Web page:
The image to the left is of the Anchor Line ship Devonia which ran on the Glasgow, Moville and New York run in the late 19th century. This ship was of the "transition" period between pure sail and full engine power. She would have had engine power probably using coal but could as seen from the mast structure erect sail. This gave a vessel of remarkable speed. However the other side was she was built to carry passengers at a time when the demand for passenger places to America was massive. As many as 1,000 passengers could be carried on this vessel. One wonder what life was like on board but the requirment of the emigrant was to get to America as quick as possible. Comfort was not a great priority. However the ships of the era were remarkably safe and could maintain good speed on the N. Atlantic passenger trade. As well as having a Head Office in Glasgow there was a sizeable Anchor Line Office in Derry close to the City Walls and Guildhall. This were the tickets would be purchased. No doubt there were many distressing scenes of emigrants bidding good bye to family who had probably accompanied them to Derry to bid them Bon Voyage. Few of the thousands of the emigrants would ever return.

Post Penal Chapels.

Many people especially people abroad on hearing the expression " a post Penal chapel" wonder what it means. Basically is a structure built as a Catholic chapel after the Penal laws were relaxed against the Catholic population in Ireland. The populace were extremely poor so building a large structure was not an option. Many of these chapels evolved from old straw or hay barns in secluded places. The above image is of the still standing ruins of the Catholic chapel in Drumsurn Co. Derry. It was built circa 1796 and was used until about 1901 when a new chapel was built about a mile away. Drumsurn old chapel would have been earth floored, straw roofed, there would be benches for the better off members of the congregation while the poorer people would kneel on slates or perhaps even on the earth floor. The church would have been used along its long axis ie the congregation would have had their backs to the wall in the image left side, backs to windows. The altar would have been along the other wall and the priest would have had his back to the congregation during the service as was the case until recent times.After the Penal Laws were relaxed and when Catholicism was tolerated to a greater level many landlords would give some land, a rood or quarter of an acre was typical in an obsccure position that was not in general view for worship for their Catholic workers and tenants. This is why to this day in rural areas of Ireland even though there is a modern chapel on site it is seen that the area in which it stands is about a rood.This had to suffice for both church and graveyard.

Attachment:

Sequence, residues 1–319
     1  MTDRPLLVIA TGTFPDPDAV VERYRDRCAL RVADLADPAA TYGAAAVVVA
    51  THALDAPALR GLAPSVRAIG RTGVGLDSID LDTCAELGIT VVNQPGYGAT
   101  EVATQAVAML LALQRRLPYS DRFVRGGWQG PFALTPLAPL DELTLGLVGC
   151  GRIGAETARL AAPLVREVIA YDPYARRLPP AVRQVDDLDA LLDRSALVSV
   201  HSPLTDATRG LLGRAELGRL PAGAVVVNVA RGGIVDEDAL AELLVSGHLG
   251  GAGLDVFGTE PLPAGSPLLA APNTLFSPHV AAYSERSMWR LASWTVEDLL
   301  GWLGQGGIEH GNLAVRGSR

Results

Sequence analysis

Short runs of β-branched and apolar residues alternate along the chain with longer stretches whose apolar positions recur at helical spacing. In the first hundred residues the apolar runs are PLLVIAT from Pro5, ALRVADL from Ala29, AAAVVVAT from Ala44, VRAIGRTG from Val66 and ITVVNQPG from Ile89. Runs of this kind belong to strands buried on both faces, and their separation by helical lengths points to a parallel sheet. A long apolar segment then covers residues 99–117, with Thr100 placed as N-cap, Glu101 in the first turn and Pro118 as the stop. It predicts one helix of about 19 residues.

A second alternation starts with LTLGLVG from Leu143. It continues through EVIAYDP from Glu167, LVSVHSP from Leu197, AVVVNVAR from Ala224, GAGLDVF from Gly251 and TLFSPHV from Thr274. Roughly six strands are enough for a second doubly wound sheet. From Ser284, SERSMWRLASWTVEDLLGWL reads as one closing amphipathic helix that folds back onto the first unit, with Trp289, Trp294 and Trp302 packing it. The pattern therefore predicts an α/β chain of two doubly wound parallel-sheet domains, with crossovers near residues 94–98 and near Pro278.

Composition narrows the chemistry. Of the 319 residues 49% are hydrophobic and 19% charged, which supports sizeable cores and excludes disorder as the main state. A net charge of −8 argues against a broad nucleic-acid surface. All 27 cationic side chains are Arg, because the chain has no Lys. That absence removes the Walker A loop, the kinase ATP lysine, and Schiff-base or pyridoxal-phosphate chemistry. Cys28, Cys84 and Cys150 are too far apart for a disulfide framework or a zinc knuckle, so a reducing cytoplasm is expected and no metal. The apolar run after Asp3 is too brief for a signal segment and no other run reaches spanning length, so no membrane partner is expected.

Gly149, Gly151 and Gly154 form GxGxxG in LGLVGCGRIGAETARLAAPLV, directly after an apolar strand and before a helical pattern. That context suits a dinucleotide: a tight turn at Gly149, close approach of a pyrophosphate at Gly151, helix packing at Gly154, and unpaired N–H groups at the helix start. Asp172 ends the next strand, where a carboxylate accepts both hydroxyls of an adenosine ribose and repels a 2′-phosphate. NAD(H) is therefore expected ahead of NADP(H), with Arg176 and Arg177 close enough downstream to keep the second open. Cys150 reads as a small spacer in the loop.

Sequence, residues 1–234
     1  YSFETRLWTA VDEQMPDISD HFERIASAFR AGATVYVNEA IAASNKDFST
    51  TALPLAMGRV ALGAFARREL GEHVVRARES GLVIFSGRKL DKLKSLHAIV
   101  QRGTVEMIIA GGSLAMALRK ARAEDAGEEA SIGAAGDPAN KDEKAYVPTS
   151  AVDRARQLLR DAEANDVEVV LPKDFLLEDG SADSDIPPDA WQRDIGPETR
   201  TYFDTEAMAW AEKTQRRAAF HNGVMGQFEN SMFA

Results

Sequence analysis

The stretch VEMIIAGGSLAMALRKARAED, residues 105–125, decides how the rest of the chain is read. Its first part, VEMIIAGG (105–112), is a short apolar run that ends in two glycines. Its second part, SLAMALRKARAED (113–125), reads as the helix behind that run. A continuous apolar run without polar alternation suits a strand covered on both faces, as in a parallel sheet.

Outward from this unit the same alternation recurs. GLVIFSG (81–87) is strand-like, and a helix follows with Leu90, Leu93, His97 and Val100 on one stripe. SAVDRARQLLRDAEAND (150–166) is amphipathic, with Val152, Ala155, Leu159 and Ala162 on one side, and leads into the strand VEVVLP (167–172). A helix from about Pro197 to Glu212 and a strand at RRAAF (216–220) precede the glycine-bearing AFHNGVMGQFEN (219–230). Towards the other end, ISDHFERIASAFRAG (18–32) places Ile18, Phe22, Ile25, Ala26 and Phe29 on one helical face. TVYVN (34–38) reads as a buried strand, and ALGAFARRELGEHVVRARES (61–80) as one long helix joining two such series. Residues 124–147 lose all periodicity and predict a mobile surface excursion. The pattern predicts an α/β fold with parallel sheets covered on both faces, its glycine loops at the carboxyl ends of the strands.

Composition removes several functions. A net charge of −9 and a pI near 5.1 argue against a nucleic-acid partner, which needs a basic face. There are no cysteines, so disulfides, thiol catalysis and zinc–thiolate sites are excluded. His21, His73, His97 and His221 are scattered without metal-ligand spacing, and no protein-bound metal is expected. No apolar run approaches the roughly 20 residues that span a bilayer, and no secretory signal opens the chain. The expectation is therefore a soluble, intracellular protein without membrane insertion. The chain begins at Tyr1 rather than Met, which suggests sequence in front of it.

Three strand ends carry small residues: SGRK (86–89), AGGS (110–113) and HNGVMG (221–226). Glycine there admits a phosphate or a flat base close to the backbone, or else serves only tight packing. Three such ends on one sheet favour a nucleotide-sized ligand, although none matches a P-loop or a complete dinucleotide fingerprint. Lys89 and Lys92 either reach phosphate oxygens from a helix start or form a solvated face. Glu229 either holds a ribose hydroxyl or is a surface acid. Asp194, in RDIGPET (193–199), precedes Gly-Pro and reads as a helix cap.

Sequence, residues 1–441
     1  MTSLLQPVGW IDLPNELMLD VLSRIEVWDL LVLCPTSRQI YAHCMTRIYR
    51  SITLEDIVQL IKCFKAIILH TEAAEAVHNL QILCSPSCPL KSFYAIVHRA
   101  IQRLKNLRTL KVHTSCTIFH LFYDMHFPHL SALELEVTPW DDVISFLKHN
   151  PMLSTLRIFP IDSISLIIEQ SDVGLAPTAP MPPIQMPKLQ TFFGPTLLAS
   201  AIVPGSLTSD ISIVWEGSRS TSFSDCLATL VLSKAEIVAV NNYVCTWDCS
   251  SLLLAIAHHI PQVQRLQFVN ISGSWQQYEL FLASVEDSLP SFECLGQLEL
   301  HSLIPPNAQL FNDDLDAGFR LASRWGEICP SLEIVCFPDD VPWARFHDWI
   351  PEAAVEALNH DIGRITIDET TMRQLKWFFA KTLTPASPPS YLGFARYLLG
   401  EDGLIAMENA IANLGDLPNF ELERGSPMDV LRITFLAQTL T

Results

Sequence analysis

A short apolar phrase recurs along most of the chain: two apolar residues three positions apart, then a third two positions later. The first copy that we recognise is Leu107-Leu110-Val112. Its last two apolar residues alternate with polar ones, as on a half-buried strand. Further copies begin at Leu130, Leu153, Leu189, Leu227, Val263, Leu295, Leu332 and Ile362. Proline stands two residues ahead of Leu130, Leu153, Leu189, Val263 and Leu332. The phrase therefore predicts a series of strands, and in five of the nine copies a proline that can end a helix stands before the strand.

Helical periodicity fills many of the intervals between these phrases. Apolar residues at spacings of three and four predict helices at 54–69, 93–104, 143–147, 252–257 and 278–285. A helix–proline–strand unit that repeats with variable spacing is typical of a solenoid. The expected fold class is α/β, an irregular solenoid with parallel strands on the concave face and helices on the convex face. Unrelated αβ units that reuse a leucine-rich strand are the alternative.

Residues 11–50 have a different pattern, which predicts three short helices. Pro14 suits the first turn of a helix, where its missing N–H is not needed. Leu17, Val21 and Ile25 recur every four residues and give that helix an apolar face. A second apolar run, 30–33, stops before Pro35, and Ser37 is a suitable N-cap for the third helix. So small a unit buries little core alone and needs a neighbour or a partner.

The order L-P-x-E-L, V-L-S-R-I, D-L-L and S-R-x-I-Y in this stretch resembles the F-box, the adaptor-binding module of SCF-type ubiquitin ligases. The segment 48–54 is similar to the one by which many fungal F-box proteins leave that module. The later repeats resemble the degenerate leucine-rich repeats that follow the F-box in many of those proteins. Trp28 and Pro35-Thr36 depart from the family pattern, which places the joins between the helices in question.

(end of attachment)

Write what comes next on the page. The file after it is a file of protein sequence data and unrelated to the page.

The O'Neill's, O'Donnells and O'Kane's.

Many who may read this website may recognise the above names and immediately relate them to be Irish. This is true. Around 1600 prior to the Plantation of Ulster and the removal of the Irish leading families the three main ruling families in N. Ulster in what is now basically counties Donegal, Tyrone and Derry were the three families above. The O'Neill's were primarily the ruling family of all Ulster and had their headquarters in Dungannon Co. Tyrone. The O'Donnells would have been the lords of Co. Donegal and the O'Kanes or O'Cathan's would be the ruling family in the lands along the Roe valley and hinterlands in Co. Derry.